Rarely acknowledged but always present in Melbourne history is the deep divide between Catholics and Protestants. Until the 1970s, these two groups roughly aligned with racial groups – the Catholics were predominantly Irish, working class, often convict-descended and staunch Labor voters; the Protestants were mostly English, upper class, inclined to pretend to an aristocracy they did not actually possess and just as staunch at voting for whoever wasn’t Labor (which changed pretty frequently in the first 45 years of Australian independence). Occasionally, this fault line would flare into outright war.

One of the best known occasions on which this happened was during World War One, when the subject of whether or not the government should be permitted to conscript men for the war effort was the burning issue of the day. It respective champions, for and against, were Prime Minister of Australia, Billy Hughes (Anglican) and Archbishop of Melbourne, Daniel Mannix (Catholic). Hughes held a plebiscite on the matter in 1916, which was defeated, and then tried again a year later, and was defeated even more decisively.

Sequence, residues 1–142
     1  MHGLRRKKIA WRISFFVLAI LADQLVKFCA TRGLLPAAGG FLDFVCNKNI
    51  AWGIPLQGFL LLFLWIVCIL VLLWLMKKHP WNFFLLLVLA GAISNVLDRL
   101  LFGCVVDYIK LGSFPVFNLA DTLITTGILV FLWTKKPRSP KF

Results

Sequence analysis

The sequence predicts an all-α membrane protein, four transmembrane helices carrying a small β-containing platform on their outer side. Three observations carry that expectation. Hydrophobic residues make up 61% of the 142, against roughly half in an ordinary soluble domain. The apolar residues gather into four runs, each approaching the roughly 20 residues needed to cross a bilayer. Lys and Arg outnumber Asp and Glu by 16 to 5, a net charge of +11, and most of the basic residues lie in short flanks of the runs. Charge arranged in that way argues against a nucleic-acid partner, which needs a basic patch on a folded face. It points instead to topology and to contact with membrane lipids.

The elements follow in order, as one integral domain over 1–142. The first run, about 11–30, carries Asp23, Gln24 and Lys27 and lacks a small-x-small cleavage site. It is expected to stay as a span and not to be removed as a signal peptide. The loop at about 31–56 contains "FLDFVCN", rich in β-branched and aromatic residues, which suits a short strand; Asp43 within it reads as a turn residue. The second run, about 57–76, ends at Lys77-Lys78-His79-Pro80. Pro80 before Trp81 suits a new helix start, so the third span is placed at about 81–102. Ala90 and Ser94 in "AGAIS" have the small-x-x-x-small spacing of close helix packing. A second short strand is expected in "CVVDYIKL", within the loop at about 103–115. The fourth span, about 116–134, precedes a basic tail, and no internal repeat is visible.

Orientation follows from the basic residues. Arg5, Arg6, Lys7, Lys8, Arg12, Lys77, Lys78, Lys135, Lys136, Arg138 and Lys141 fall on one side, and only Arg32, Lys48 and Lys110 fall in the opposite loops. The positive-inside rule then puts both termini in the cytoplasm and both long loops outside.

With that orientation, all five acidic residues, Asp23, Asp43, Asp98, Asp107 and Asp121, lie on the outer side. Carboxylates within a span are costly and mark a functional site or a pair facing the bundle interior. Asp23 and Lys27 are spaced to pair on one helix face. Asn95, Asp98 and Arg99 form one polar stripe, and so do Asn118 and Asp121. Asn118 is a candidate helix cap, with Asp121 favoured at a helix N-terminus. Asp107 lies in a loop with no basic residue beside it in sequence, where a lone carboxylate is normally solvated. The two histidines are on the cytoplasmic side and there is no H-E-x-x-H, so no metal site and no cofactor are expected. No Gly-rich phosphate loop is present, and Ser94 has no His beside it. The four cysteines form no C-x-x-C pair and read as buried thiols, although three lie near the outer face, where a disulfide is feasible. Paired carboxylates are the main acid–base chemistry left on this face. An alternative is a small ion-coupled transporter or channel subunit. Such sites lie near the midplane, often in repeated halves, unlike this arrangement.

But that wouldn’t stop the little Digger or his followers. In a declaration of support for Hughes’ policies, the strongly Anglican west Oakliegh area broke away from their neighbours, forming a new suburb around the nexus of the Poath Rd level crossing (which at that time lacked a railway station). Naming this new area Hughesdale in honour of the Prime Minister, the area celebrated Hughes’ return from the Versailles Peace Conference in 1919 with was noted as perhaps the most sedate, well-mannered and orderly street party of all time, which finished at 8pm and was completely cleaned up, no trace of it remaining on Poath Road, a mere half hour later.

For some time, the local council tried to prevent the adoption of Hughesdale as a name for the region, but once the railway station was constructed and given that name in 1925, the name was fixed forever. Billy Hughes, and the divisive issue that he had championed, would be commemorated in this name for all time. Assuming anyone remembered its origin, that is.

Suburbs near Hughesdale:

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